Phase-shifting effects of bright morning light as treatment for delayed sleep phase syndrome

Clinical Psychobiology Branch, National Institute of Mental Health, Bethesda, Maryland 20892.
Sleep (Impact Factor: 4.59). 09/1990; 13(4):354-61.
Source: PubMed


Bright light has recently been shown to have phase-shifting effects on human circadian rhythms. In this study we applied this effect to 20 patients with delayed sleep phase syndrome (DSPS) who were unable to fall asleep at conventional clock times and had a problem staying alert in the morning. In a controlled treatment study, we found that 2 h of bright light exposure in the morning together with light restriction in the evening successfully phase advanced circadian rhythms of core body temperature and multiple sleep latencies in these patients. This finding corroborates the importance of light for entraining human circadian rhythms.

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    • "Since Czeisler and others [1986] demonstrated a resetting effect of bright light, it has been well documented that bright light before nocturnal sleep significantly delays the core temperature (T c ) rhythm, independent of the timing of the sleep–wake cycle [Boivin and Czeisler 1998; Dijk and others 1991; Drennan and others 1989] and that bright morning light can reset the human circadian rhythm [Clodore and others 1990; Dijk and others 1989; Foret and others 1993; Kondo and others 2007; Rosenthal and others 1990; Scheuermaier and others 2010]. Regarding the effect of bright morning light on phase shifts of the circadian rhythm, Scheuermaier and others [2010] reported that light has a phase-dependent effect on the circadian pacemaker , and modifying habitual light exposure in older individuals could contribute to changes in the timing of circadian rhythms or the phase angle of entrainment. "
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    ABSTRACT: This study tested the hypotheses that 2-h exposure to morning bright light after waking may avoid a delay in nadir time for individuals who experience delayed nadir time after waking and may improve the morning rise in core temperature (Tc) due to residual effects of morning bright light on body temperature regulation. Eight young men were exposed to 110, 1000, and 4000 lx light for 2 h after waking at 7:00 AM. After 2-h exposure to a given illuminance, illuminance was controlled at 1000 lx until 12:00 PM. Rectal temperature (Tre) was measured as a proxy for Tc continuously from 12:00 AM on the prior night to 12:00 PM on the day of the experiment. To estimate body heat balance, skin temperatures and values for regional dry heat loss at seven sites were continuously measured from 8:00 AM to 12:00 PM, together with measurement of oxygen consumption and finger skin blood flow rate (SkBF) from 8:00 AM to 12:00 PM at 1-h intervals. Results indicated delays of a few minutes in nadir time with 1000 and 4000 lx, as opposed to a 120-min delay with 110 lx. In addition, Tre increased after 2-h exposure to 4000 lx light, probably due to the significantly (P < 0.01) lower mean skin temperature, SkBF, and dry heat loss compared to the other lighting conditions. Light exposure over 1000 lx may thus avoid substantial delays in nadir time, and light exposure over 4000 lx could restore Tc rhythm in a prompt manner due to residual effects of morning bright light on body temperature regulation.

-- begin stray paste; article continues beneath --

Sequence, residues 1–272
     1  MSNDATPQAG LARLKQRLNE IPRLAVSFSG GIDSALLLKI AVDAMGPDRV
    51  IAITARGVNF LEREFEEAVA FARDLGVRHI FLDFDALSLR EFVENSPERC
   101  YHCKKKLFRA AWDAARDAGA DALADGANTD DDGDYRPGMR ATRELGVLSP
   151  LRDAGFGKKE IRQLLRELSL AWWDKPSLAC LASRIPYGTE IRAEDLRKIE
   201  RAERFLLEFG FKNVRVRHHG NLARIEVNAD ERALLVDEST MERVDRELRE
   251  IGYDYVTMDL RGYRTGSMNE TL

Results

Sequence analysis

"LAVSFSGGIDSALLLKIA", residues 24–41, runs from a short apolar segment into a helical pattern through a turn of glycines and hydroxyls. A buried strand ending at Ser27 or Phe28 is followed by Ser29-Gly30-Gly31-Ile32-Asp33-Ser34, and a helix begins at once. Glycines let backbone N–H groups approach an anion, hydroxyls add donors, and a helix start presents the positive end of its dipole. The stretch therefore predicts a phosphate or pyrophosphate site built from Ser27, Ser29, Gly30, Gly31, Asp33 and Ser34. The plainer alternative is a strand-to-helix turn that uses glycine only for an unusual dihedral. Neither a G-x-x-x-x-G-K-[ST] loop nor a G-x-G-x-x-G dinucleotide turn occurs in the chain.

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    • "Light therapy (LT) has also been successfully applied to the treatment of sleep disorders [17-20], as well as circadian phase sleep disorders associated with jet lag [21,22] and shift work [23,24]. More recently, LT has shown promise as an intervention for obsessive-compulsive symptoms [25], behavioral disturbances and functioning in dementia and Alzheimer’s disease [26,27], primary and secondary features of Parkinson’s disease [28], attention deficit hyperactivity disorder [29], seasonal variations in eating disturbances associated with bulimia nervosa [30,31], and some symptoms of chronic anorexia [32]. "